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Sunday, March 16, 2014

Sean Kelly

My Thoughts on The Grand Budapest Hotel

TheGrandBudapestHotelDirector Wes Anderson returns with this star studded film about a famous European hotel.  An author (Tom Wilkinson) recites a story about the time his younger self (Jude Law) visited the, formerly exquisite, Grand Budapest Hotel, in the Republic of Zubrowka, and spoke with its current owner Zero Moustafa (F. Murray Abraham) about his history with the hotel. 

As a young man in the 1930s, Zero (Tony Revolori) was a young lobby boy under the tutelage of the hotel’s concierge M. Gustave (Ralph Fiennes). Gustave is known for his “exceptional service” of the rich, elderly female patrons of the hotel, including the widow Madame D (Tilda Swinton).  When Madame D ends up dead under mysterious circumstances, Gustave finds himself framed for her murder and he and Zero sets out to clear Gustave’s name, with the help of Zero’s love interest Agatha (Saoirse Ronan).

Similar to 2012’s Moonrise Kingdom, The Grand Budapest Hotel is a large scale ensemble piece for Wes Anderson, featuring over a dozen actors.  While some, like Ralph Fiennes and newcomer Tony Revolori, are new to the world of Wes Anderson, there are also many Anderson alumni that show up, some of them for only one scene.  However, the film as a whole is based nearly entirely on the performance of Ralph Fiennes as the, somewhat flamboyant, womanizing concierge M. Gustave.  In fact, the performance is quite unlike anything the, usually straight-faced, Fiennes has done in the past.  Another standout is Tilda Swinton under layers of old age make-up as Madame D.  Even though Swinton’s role in the film is quite small, she does shine in the few minutes she is on screen.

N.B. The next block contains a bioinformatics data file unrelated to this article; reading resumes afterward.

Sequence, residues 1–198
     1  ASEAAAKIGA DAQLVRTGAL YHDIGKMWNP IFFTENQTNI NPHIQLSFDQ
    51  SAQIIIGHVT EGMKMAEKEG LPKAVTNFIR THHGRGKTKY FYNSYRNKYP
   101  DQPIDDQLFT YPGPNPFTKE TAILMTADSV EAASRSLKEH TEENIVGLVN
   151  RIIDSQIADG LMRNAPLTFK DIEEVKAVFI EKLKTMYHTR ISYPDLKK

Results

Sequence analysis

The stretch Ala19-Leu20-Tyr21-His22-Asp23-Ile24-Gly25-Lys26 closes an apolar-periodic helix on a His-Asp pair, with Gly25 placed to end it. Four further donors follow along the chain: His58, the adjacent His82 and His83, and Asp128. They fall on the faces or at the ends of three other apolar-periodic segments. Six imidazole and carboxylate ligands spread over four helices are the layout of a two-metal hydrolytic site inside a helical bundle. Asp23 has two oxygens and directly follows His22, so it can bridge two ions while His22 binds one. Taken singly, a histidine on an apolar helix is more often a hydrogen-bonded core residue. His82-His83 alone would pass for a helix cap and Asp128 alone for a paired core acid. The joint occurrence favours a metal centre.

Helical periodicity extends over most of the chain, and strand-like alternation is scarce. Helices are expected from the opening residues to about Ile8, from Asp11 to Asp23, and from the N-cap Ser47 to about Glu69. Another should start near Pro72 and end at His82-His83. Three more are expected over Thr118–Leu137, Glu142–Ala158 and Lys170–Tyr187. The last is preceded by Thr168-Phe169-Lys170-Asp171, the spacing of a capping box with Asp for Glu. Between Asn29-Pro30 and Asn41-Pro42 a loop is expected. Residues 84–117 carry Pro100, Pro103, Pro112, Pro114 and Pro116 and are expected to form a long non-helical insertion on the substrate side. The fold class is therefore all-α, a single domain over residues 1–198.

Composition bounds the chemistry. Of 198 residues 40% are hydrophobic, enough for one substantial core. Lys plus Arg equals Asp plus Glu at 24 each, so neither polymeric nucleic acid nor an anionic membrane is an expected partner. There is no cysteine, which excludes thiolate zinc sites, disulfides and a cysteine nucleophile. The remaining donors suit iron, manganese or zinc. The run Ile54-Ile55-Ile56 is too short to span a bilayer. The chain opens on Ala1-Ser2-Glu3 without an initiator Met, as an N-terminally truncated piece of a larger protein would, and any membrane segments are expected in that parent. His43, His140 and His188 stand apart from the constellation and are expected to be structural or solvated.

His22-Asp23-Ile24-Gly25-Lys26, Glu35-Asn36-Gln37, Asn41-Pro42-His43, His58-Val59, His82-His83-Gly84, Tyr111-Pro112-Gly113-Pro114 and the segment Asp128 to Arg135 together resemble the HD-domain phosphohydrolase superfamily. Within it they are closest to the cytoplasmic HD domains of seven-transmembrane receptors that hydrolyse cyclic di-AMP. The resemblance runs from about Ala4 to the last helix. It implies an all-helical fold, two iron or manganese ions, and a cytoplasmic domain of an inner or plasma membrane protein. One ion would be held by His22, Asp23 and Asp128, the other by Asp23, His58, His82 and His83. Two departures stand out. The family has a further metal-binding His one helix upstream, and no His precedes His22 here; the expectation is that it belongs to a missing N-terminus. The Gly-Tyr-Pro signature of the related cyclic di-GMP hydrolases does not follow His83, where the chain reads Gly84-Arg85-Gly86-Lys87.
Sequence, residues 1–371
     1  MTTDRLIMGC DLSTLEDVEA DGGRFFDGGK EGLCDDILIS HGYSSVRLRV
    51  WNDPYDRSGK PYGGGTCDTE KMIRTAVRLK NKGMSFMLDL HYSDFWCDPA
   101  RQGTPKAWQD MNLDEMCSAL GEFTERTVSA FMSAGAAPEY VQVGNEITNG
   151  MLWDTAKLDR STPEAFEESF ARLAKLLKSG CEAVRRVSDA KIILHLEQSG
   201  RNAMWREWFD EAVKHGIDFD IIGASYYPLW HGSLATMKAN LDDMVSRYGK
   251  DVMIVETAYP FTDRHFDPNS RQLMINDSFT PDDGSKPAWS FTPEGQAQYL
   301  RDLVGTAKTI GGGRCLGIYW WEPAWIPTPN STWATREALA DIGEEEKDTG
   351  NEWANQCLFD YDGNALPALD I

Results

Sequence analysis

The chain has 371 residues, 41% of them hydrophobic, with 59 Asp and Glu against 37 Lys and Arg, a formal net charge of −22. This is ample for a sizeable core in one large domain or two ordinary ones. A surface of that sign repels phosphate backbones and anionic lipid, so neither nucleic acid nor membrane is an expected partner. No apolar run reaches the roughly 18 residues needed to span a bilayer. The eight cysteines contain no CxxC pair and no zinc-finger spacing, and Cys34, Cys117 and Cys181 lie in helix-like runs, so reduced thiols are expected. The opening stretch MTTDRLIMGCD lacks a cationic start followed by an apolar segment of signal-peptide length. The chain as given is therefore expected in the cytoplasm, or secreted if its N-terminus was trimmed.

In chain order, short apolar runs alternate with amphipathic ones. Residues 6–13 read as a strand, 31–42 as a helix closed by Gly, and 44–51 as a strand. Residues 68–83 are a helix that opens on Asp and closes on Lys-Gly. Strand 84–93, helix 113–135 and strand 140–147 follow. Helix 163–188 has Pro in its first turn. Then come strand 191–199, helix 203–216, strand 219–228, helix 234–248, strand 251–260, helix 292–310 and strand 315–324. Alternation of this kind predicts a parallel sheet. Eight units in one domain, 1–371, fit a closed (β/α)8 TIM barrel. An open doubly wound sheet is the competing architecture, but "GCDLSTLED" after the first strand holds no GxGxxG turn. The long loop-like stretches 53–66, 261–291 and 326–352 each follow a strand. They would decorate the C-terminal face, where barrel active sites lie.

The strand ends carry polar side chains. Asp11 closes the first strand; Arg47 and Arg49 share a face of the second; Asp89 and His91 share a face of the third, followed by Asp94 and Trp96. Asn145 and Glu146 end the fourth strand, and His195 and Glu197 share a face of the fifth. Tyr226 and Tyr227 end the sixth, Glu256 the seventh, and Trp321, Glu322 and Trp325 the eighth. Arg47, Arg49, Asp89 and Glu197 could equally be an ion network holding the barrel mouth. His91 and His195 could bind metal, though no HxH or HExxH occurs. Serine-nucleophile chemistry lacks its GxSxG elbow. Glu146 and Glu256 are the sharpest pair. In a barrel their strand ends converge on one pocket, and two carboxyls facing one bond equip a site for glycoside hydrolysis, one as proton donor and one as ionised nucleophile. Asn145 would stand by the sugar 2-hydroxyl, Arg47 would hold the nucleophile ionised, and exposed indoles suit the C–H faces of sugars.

An interesting aspect of the film is its layered flashbacks, which cross different time periods. The film starts off in the present day with a girl reading a book, which was written by Tom Wilkinson's character, who is seen narrating the story in the 1980s, which in turn is based on a story his younger self heard in the 1960s, about the glory days of the hotel in the 1930s.  Each of these different time periods are represented by different aspect ratios, with the main 1930s story being in a square 4:3 ratio, while the other time periods are in various sizes of widescreen.  It was definitely an interesting way for Anderson to shoot the film and the change from one to another was quite seamless.  In regards to the different narrators, while it is passable that Jude Law is the younger Tom Wilkinson, it does require a suspension to disbelief to pass Tony Revolori off as a younger F. Murray Abraham.  In fact, they look nothing alike.  However, since Revolori ends up being quite decent in his role, it is a nitpick that can be overlooked.

Like many of Wes Anderson’s films, The Grand Budapest Hotel can be best described as a quirky comedy.  However, more so than his previous films, there is a dark edge to this film.  Much of this darkness comes from Willem Dafoe as the brutish thug J.G. Jopling, who is often seen performing many darkly humorous acts of violence.  Also the humour as a whole was a bit cruder than usual for Wes Anderson, even though it fits within the story that is being told.

Overall, while I don’t know if these types of large-scale ensembles is going to be a regular thing for Wes Anderson, I have to say that I found The Grand Budapest Hotel to be an exquisite film with a standout performance by Ralph Fiennes.

 9 | REALLY LIKED IT

Sean Kelly

About Sean Kelly -

Sean Patrick Kelly is a self-described ├╝ber-geek, who has been an avid film lover for all his life. He graduated from York University in 2010 with an honours B.A. in Cinema and Media Studies and he likes to believe he knows what he’s talking about when he writes about film (despite occasionally going on pointless rants).